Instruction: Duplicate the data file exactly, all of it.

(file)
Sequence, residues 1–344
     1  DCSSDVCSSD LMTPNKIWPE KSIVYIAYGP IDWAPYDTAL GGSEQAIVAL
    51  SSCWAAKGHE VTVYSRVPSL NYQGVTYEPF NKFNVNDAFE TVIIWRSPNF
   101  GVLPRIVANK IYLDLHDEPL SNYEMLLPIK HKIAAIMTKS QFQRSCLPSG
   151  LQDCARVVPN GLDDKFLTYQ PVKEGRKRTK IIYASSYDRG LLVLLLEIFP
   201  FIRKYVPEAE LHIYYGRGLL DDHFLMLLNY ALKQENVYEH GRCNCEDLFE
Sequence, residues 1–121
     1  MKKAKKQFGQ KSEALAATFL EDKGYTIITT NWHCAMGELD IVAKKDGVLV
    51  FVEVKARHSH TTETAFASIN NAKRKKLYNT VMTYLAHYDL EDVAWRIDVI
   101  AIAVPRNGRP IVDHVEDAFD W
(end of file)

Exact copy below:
Sequence, residues 1–344
     1  DCSSDVCSSD LMTPNKIWPE KSIVYIAYGP IDWAPYDTAL GGSEQAIVAL
    51  SSCWAAKGHE VTVYSRVPSL NYQGVTYEPF NKFNVNDAFE TVIIWRSPNF
   101  GVLPRIVANK IYLDLHDEPL SNYEMLLPIK HKIAAIMTKS QFQRSCLPSG
   151  LQDCARVVPN GLDDKFLTYQ PVKEGRKRTK IIYASSYDRG LLVLLLEIFP
   201  FIRKYVPEAE LHIYYGRGLL DDHFLMLLNY ALKQENVYEH GRCNCEDLFE
Sequence, residues 1–121
     1  MKKAKKQFGQ KSEALAATFL EDKGYTIITT NWHCAMGELD IVAKKDGVLV
    51  FVEVKARHSH TTETAFASIN NAKRKKLYNT VMTYLAHYDL EDVAWRIDVI
   101  AIAVPRNGRP IVDHVEDAFD W